For the differential profiling, the LC/MS instrument was operated in full MS1 mode by the same chromatographic and MS operational conditions and parameters used for the identification of the phytocannabinoids. Absolute quantification of phytocannabinoids with analytical standards was performed by external calibrations. Standard mixes were prepared ranging from 1 to 1000 ng/ml for Δ9-THCA, Δ9-THC, CBDA and CBD, and 0.25 to 625 ng/ml for all the other components. The dynamic range for each component was determined as maximum deviation from expected concentrations of 20%, and minimum signal-to-noise ratios of 10. Standard addition curves were performed by spiking one Cannabis extract with three different concentrations of standard compounds. In order to fit into the dynamic range of each component, the Cannabis sample was prepared in three dilutions (1:9, 1:99 and 1:999 v/v Cannabis extract to ethanol), and the analytical standards were added to the appropriate sample dilution.

Since no analytical standards were available for the additional phytocannabinoids identified in this research, linear dynamic ranges for each component were determined as follows: Two high-Δ9-THC and high-CBD Cannabis strains were chosen. A portion of the two samples was decarboxylated in an oven, and phytocannabinoids from the untreated and decarboxylated samples were extracted in ethanol. These four samples were then serially diluted in the ranges of 100 to 0.0001% v/v of the original concentrations. Each concentration was injected to the LC/MS in duplicates, and data was acquired in full MS1 mode. The dynamic range for each component was determined as maximum deviation from expected concentrations of 20%, and minimum signal-to-noise ratios of 10.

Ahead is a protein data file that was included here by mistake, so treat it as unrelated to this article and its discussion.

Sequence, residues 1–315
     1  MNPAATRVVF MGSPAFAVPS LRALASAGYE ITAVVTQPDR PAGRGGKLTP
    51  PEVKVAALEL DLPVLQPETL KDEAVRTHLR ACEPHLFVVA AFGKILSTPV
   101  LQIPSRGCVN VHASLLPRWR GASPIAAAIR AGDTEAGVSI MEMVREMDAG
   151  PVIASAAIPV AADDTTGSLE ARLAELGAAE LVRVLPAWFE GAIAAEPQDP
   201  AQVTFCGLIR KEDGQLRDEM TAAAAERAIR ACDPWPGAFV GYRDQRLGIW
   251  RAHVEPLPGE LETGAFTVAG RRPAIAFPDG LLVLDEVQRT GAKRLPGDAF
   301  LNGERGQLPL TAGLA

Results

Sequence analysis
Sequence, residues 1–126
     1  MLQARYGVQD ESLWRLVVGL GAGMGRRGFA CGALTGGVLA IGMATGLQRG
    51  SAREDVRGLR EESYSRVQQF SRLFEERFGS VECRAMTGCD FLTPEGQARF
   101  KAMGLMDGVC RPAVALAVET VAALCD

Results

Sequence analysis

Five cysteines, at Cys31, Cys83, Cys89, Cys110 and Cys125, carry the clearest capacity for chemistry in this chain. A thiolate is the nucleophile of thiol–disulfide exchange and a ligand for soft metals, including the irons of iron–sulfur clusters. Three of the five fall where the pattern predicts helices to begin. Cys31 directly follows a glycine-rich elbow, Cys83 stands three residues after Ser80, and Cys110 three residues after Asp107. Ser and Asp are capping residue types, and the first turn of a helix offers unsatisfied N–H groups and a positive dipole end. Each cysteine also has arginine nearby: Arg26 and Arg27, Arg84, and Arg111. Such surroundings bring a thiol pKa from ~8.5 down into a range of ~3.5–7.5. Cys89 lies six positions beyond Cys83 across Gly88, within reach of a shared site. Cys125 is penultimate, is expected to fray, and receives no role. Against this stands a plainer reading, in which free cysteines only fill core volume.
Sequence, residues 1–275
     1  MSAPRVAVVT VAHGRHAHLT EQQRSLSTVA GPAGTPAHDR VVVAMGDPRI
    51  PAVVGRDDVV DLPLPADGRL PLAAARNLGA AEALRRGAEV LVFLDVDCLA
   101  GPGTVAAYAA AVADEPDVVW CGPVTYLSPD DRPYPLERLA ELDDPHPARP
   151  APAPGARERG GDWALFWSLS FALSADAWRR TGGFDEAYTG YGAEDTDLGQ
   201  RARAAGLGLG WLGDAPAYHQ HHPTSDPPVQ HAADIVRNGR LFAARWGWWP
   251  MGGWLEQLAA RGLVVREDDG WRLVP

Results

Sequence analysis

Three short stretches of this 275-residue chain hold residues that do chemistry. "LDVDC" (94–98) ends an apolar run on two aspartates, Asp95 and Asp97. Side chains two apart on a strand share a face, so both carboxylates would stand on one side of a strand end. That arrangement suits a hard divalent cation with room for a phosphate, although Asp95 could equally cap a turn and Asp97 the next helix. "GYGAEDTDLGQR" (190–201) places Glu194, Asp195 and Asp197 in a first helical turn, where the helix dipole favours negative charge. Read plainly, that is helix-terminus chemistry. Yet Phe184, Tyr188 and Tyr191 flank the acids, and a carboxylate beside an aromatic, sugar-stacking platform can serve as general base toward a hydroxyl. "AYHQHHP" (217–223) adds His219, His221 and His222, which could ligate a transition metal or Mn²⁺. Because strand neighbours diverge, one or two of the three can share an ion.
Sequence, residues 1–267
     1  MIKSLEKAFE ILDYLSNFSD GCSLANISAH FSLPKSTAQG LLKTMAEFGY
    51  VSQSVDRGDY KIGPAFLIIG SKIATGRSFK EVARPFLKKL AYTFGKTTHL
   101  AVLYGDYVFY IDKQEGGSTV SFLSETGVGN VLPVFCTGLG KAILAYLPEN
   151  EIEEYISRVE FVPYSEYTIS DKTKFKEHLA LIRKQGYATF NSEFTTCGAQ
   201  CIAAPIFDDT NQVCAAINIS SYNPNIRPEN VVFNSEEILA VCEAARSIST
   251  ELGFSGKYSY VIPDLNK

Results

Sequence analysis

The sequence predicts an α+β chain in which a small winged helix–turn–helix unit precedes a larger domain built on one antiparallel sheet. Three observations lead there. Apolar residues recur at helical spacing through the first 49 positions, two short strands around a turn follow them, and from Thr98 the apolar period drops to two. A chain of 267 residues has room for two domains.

Hierarchical cluster analysis

The hierarchical cluster analysis was executed in MATLAB R2016B (Mathworks, Nat-ick, MA, USA) on the normalized data according to maximum value of each phytocannabinoid. Data reordering for the heat map was performed according to an agglomerative hierarchical clustering algorithm. The distances between clusters were calculated according to Ward’s method for Euclidean metric. Analysis of results was carried out using the distance dendrogram.

Study of the effect of equally high CBD Cannabis strain extracts on PTZ-induced convulsions

Mice

Adult (8–10 weeks of age; 20–25 g) male C57BL/6 mice (C57BL/6 J; The Jackson Laboratory) were used in all experiments. Mice were maintained under specific-pathogen-free (SPF) conditions and five mice were housed in each cage on a 12:12-h light cycle (lights on at 07:00). All experiments were performed in accordance with the National Institutes of Health’s Guide for the Care and Use of Laboratory Animals. All procedures and protocols were approved by the Technion Administrative Panel of Laboratory Animal Care (#:IL_130-11-2015).